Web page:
The problem with liberal imperialism is that it assumes we all subscribe to its supposedly universal concept of power conceived as compelling others to do what they otherwise wouldn’t do, whether by means of reward or punishment; in other words, power defined as control and domination. But the oppressed know that real power lies in resisting that domination and refusing to submit to it. Power for
In the final analysis, the “democracy” that the “Arab Spring” has ushered in has only served Empire’s long-standing stratagem of divide-and-rule. Any democratic reforms which occur in a highly polarized and sectarian environment that has been stripped of all Arab nationalist identity—and with it, the preeminent status the liberation of Palestine once enjoyed— degenerates into the tyranny of imperialist-enabling majorities who win power by default in liberal, though by no means democratic, elections.
What we are witnessing in the Arab world today is the unfolding of liberalism, not of democracy. For at the end of the day, democracy isn’t merely procedural aspects like elections and political reforms, but more substantially, the ability of people enjoying popular sovereignty to shape their own political identity, control their national resources and participate in determining their national destiny. Indeed, the loss of national sovereignty and self-determination in Libya and Syria, coupled with the triumph of narrow sectarian loyalties over Arab national identities, has only resulted in the de-democratization of the region, which is now even more firmly in the Empire’s grip.
They label non-submissive governments as “authoritarian” “regimes” or “dictatorships” but none of these political systems are totalitarian in the same way that liberalism is, particularly its American variant. None of these systems demand inner [cognitive and emotional] conformity from their subjects, only outward conformity in their political behaviour. For what could be more totalitarian than a system which also wants to control our “hearts and minds”? A system which seeks to intellectually and psychologically structure our choices in every aspect of our lives; A system which refuses to acknowledge that it is an ideology at all but pronounces itself a meta-ideology or zero-point from where other ideologies are judged to be left or right, religious or secular, democratic or undemocratic; A system which doesn’t even require overt modes of control or censorship to dominate its subjects because it shapes rationality with its subjects’ consent; A system which is so hegemonic, so naturalized that it passes itself off as common sense and hence distorts our perception of reality itself; a system which is so totalitarian and universalized that even those who resist its more violent manifestations remain blind to the fact that their resistance remains confined within its parameters; What system is anywhere near as totalitarian as liberalism?
A very incisive and well-articulates response by a reader of Sharmine Narwani’s excellent critique of Blumenthal’s theatrics here. Below is the reader’s comment:
I think Blumenthal’s post shows that no amount of intellect can preserve today’s liberal conscience from being defrauded by the control of information in the permanent war zone that has become the new century.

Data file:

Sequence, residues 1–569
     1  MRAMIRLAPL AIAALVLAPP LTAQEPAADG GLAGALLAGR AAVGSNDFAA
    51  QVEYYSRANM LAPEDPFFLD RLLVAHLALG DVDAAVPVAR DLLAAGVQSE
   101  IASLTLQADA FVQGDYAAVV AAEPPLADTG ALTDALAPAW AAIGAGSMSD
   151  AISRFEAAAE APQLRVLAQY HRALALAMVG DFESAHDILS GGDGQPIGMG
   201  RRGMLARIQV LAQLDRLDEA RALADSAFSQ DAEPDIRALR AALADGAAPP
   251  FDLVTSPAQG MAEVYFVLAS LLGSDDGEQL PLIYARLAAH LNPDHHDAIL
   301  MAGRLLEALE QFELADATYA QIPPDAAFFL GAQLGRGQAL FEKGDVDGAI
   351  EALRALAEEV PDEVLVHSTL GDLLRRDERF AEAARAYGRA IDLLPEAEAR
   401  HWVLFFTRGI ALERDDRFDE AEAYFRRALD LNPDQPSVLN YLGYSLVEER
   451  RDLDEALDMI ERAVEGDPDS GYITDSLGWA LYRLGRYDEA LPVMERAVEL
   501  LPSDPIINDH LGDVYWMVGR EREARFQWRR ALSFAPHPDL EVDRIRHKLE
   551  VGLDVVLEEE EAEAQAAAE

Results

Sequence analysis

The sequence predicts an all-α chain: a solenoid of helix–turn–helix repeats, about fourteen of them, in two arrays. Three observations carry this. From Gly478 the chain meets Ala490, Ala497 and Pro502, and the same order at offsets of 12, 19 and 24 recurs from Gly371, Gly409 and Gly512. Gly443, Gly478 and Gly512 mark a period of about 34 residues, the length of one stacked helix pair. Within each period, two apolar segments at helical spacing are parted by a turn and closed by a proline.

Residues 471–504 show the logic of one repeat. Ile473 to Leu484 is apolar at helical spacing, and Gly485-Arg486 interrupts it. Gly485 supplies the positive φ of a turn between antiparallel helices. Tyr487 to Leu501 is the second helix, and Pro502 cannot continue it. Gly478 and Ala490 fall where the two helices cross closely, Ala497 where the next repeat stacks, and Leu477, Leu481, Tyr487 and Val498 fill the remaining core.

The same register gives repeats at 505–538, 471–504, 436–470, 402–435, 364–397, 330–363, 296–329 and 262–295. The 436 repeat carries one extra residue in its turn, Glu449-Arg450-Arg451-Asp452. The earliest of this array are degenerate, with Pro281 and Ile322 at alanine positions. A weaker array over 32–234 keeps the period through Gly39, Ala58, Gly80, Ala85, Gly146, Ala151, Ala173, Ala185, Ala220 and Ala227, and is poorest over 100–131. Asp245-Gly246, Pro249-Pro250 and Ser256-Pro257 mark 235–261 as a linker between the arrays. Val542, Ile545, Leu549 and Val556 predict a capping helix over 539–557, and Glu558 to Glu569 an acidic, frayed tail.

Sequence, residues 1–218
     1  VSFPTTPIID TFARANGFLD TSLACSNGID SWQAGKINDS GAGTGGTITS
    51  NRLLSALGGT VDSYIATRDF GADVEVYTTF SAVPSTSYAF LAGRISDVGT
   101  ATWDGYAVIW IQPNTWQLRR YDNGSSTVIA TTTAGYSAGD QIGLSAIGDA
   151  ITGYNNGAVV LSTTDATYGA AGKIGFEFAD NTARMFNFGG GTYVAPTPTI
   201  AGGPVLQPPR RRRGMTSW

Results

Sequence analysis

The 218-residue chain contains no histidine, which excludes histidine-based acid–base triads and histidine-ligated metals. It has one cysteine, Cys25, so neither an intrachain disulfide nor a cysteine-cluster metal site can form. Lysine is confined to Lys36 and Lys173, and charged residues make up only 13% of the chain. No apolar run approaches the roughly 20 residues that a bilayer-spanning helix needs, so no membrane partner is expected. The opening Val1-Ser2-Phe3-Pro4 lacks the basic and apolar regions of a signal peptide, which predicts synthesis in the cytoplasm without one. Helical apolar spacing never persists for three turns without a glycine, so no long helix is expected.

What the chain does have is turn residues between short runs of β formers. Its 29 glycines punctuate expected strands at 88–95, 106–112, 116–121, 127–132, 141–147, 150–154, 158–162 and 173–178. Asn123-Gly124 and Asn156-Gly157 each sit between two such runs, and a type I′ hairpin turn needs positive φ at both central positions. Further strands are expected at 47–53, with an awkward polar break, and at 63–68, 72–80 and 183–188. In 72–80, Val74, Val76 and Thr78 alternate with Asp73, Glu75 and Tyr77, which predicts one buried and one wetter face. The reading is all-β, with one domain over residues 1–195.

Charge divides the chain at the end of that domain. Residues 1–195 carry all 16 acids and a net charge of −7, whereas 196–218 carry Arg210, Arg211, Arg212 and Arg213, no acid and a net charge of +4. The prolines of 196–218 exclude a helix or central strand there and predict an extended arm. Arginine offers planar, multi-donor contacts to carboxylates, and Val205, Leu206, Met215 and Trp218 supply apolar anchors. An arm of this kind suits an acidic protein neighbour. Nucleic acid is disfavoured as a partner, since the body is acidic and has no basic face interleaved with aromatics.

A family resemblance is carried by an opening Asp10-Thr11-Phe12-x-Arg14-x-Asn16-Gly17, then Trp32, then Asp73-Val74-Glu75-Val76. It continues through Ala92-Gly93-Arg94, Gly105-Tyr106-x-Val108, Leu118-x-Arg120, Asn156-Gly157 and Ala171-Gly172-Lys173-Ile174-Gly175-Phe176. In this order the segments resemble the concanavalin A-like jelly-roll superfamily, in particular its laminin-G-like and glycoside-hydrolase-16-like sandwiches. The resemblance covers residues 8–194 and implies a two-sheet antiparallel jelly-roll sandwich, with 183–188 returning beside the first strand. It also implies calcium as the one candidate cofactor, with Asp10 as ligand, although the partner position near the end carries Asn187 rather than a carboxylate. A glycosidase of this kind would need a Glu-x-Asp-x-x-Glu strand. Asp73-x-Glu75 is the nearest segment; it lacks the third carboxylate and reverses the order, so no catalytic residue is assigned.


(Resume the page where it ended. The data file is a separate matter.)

I had to take a screen-shot because I could not believe he would leave such a thing to stand for long. He is self-condemned by the facts, but he will sadly not learn them until Syria is in ruins and the historians have their turn.
Liberals still stand and salute good old liberal words like Opposition, Rebellion, Humanitarianism, and Democracy – without recognition that these labels have been controverted by neocons and their agents to mask covert state-busting strategies, and emptied out of all their dignity.
And how weak to lead off with a quote referencing something Assad’s dead father perpetrated in 1979. Does Mr. Blumenthal know that Hafez is dead since 2000? That Bashar was not even the son he was grooming for succession back in 1979 nor at any time during the 80s? I am not surprised that the Muslim Brotherhood believes it is still 1982 (the year of Hama), but Blumenthal undercuts his creds by trying to equate Bashar with the Syria of Hafez.
Keep up the good work, Sharmine!
The prominent blogger, Qifa Nabki, asked me and some of my friends to join a debate on Syria on his blog (see his post here). Our interlocutors include both liberal interventionist Americans and Syrians as well as an Israeli. Forget the Israeli for a moment, here’s why I reject debate or dialogue in such contexts: I refuse to be part of a debate on my region, my nation (yes I consider myself a Greater Syrian) with Americans who have no RIGHT to that conversation in the first place. Their inclusion, in and of itself, is a license for US intervention; a tacit acknowledgement of the US’ right to pursue its interests on our lands. When the terms of the debate shift from what should BE done about Syria—uttered in the passive narrative voice, with all the liberal imperialist undertones such a question carries—to what do Syrians and their Arab brethren think THEY should do to secure internal peace and stability in Syria on the one hand, and national sovereignty on the other, then you can count me in. Until then, no I don’t believe in dialogue unless we (non-Zionist) Arabs are the ones who define the terms of that dialogue.
I don’t understand why we have to be politically “tolerant’” and endorse political diversity and pluralism. Of course, I am not referring to countries like Lebanon and Syria where even Zionist collaborators and NATO lackeys must be dialogued with to prevent/end civil war which is a far greater evil. But just in the general, theoretical sense.
How does embracing a diversity of views which include support for Israel and Amerika contribute to the justice or freedom of a system?
Western liberal “democracies” don’t tolerate our anti-imperialist and anti-Zionist views. They don’t tolerate our Resistance option, neither in their media nor in their Academy nor in their political system.